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Environment Research Group PhD Seminar: Green leadership, Emissions Trading and Greater Energy Justice

Pawel Pustelnik and Alister Forman, School of Planning and Geography
Tuesday 20th May 2014 - 4:00pm
Glamorgan Building Council Chamber

Please join us for this Environment Research Group Seminar featuring:

Pawel Pustelnik - European Green Leadership Confronted: the Case of Inclusion of Aviation into the European Union Emissions Trading System

The European Union’s (EU) aspirations to have larger impact internationally, and appear as an environmental innovator and leader have been translated into recent inclusion of aviation into the European Union Emissions Trading System (EU ETS).

This paper looks at the initiatives taken by various actors to oppose inclusion of aviation in the EU ETS by looking at the policy networks in the US and the EU. It explores their strategies used to influence US policy making and international bargaining over the EU ETS. This paper focuses on the policy processes and governance mechanisms that were in place to prevent compliance of the US air carriers with the EU ETS.

It is argued that resistance coming mostly from the US, China and India offer a compelling example of multi-level climate policy bargaining. It shows also that the industry managed to block the international carbon market for CO2 aircraft-related emissions by strong opposition, building an effective coalition. The empirical material for this paper was gathered through interviews with policy-makers at the US Congress, European Parliament, European Commission as well as representatives of green NGOs and aviation industry both in the US and in the European Union.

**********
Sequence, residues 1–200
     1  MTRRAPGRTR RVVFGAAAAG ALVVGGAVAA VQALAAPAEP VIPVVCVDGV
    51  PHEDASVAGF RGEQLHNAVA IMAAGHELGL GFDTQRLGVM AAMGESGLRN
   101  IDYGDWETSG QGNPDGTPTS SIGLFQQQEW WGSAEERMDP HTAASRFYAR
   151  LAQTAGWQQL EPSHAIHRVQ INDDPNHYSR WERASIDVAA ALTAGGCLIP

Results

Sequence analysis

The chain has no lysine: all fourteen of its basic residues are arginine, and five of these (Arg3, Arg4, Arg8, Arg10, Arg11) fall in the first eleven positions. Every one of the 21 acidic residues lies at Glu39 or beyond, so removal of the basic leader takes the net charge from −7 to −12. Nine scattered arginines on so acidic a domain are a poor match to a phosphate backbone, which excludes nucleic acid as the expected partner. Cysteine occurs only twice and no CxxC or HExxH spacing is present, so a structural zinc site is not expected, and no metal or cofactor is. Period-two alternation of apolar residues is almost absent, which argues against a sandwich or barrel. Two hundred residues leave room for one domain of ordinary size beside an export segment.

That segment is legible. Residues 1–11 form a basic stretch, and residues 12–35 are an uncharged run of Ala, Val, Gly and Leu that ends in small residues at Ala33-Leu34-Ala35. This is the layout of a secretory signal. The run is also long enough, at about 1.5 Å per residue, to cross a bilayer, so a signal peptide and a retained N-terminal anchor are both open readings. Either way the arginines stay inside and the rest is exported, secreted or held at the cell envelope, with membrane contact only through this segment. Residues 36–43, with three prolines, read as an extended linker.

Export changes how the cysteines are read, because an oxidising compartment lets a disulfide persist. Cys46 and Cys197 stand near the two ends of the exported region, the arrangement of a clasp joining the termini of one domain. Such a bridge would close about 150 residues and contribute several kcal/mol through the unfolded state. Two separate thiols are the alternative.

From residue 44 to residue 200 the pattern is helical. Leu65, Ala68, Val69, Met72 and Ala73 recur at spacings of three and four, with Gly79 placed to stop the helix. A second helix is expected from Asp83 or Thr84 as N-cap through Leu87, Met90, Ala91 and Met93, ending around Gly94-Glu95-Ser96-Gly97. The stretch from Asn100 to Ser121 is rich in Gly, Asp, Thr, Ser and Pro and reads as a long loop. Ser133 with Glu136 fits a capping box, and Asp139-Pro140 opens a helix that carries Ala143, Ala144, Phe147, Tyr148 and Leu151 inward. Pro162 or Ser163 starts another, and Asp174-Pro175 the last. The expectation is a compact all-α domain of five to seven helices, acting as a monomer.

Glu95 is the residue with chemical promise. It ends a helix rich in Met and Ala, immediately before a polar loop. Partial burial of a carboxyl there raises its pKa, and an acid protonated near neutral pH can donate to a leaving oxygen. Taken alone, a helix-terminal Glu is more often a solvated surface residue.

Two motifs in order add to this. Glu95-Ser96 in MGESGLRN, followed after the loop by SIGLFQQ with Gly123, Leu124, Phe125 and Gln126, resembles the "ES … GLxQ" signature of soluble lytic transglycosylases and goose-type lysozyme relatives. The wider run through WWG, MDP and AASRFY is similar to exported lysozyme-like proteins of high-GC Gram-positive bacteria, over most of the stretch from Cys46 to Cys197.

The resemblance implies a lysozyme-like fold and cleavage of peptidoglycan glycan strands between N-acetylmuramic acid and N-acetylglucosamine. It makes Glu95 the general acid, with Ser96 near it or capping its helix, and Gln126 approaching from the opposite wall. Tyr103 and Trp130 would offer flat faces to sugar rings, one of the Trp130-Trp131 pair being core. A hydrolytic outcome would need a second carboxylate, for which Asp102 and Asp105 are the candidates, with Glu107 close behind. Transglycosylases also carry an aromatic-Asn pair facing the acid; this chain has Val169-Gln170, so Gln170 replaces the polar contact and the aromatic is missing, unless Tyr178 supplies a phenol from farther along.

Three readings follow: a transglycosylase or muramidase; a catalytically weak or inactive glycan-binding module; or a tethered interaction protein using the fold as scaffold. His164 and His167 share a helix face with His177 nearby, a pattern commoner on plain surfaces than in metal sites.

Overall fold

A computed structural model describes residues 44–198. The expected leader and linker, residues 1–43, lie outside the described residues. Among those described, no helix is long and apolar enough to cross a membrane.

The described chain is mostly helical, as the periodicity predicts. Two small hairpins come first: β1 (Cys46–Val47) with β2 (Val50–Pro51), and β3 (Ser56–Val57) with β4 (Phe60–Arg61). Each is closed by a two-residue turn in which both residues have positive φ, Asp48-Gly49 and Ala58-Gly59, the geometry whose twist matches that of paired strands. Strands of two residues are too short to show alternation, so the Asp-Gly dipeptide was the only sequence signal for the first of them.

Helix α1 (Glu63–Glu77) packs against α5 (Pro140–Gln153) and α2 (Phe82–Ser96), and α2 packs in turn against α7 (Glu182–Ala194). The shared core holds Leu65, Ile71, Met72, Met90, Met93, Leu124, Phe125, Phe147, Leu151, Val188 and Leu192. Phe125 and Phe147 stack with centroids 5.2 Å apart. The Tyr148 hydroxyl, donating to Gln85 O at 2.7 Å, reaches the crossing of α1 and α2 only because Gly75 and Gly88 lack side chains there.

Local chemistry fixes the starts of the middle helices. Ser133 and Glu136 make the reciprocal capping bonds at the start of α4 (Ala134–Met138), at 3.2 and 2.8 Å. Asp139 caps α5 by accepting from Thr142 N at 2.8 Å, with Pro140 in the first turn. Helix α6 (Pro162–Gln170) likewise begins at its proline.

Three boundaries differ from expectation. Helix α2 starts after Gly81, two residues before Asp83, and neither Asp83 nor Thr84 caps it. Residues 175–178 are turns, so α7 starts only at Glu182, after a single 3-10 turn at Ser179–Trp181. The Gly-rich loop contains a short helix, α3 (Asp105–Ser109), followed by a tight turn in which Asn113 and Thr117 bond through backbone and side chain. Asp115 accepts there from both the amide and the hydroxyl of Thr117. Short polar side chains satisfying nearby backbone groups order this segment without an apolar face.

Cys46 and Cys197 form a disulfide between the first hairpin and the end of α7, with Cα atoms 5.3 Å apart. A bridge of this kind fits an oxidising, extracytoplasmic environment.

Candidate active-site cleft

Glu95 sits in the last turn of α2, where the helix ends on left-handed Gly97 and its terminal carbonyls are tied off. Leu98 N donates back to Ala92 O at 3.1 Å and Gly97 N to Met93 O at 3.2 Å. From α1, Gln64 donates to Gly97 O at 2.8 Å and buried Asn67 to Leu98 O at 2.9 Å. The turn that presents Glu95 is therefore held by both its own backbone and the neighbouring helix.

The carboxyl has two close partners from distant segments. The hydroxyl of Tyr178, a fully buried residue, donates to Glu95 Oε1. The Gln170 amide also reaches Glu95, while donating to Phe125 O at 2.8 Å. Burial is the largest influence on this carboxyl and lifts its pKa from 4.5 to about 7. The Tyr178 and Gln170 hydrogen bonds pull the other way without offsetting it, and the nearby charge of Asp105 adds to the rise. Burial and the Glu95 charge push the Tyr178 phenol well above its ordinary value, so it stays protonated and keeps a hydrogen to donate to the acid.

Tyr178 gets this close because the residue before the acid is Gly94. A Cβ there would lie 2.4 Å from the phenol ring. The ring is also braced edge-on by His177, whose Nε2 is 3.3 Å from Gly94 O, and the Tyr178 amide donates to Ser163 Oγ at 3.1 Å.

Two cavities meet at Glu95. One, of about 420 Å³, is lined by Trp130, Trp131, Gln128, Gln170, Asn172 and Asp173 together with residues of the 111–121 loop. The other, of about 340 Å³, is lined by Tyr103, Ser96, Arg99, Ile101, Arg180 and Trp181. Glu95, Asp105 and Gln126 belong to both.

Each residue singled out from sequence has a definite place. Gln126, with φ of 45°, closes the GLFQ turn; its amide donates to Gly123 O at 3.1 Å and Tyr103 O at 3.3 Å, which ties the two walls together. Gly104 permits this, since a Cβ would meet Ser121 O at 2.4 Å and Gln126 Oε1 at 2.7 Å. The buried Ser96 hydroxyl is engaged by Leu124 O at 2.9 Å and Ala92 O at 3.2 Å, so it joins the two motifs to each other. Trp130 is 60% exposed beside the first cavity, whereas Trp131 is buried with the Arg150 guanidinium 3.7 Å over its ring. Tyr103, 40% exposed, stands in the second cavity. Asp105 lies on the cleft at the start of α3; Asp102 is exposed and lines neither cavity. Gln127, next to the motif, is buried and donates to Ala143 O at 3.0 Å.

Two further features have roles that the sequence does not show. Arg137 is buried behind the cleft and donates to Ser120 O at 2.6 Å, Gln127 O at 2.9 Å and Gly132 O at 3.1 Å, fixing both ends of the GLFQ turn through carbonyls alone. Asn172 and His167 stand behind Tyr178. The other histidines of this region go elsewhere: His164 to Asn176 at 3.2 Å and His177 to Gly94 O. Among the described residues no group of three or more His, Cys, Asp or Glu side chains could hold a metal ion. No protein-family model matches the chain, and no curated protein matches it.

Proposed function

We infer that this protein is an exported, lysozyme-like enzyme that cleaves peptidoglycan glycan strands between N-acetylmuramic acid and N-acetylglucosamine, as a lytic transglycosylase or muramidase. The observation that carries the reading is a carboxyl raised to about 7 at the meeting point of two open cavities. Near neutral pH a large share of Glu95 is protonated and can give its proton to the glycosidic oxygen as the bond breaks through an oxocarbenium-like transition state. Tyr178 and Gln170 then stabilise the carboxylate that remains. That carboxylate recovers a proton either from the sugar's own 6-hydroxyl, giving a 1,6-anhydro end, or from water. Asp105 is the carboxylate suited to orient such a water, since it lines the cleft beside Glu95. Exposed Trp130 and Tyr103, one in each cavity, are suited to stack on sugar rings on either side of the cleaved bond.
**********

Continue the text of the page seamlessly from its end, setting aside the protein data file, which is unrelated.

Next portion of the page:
Alister Forman - For Greater Energy Justice: The Case of Community Energy and Fuel Poverty in Wales

Community energy initiatives have proliferated across the United Kingdom over the last twenty years.  Whilst the rhetoric of environmental justice has undoubtedly been a powerful force in the growth of such initiatives, austerity has brought into sharp focus the concurrent social justice dimensions that have, up until recently, received somewhat less attention in the academic literature.

The prevalence of ‘fuel poverty’ – particularly in the devolved regions of Scotland and Wales – is one such social justice consideration that is gathering increasing concern; but which government policy over the last decade has abjectly failed to alleviate in any meaningful sense.  Whilst synergies exist through the mobilisation of community energy as a response to both fuel poverty and wider environmental insecurities, social justice considerations have arguably taken a back seat as a driver of community energy initiatives on the ground. 

In the endeavour to ensure that social justice considerations are embedded within such systems, I use this presentation to explore the notion of ‘energy justice’, issues of access and entitlement to energy and links to building resilience in the context of fuel poverty in Wales.